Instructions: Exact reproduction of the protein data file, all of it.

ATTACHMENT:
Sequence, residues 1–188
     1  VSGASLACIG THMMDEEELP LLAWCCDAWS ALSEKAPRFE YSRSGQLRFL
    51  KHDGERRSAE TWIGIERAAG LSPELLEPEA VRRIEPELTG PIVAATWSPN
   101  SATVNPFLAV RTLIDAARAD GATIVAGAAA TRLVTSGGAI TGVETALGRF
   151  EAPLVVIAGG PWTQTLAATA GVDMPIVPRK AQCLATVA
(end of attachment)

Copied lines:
Sequence, residues 1–188
     1  VSGASLACIG THMMDEEELP LLAWCCDAWS ALSEKAPRFE YSRSGQLRFL
    51  KHDGERRSAE TWIGIERAAG LSPELLEPEA VRRIEPELTG PIVAATWSPN
   101  SATVNPFLAV RTLIDAARAD GATIVAGAAA TRLVTSGGAI TGVETALGRF
   151  EAPLVVIAGG PWTQTLAATA GVDMPIVPRK AQCLATVA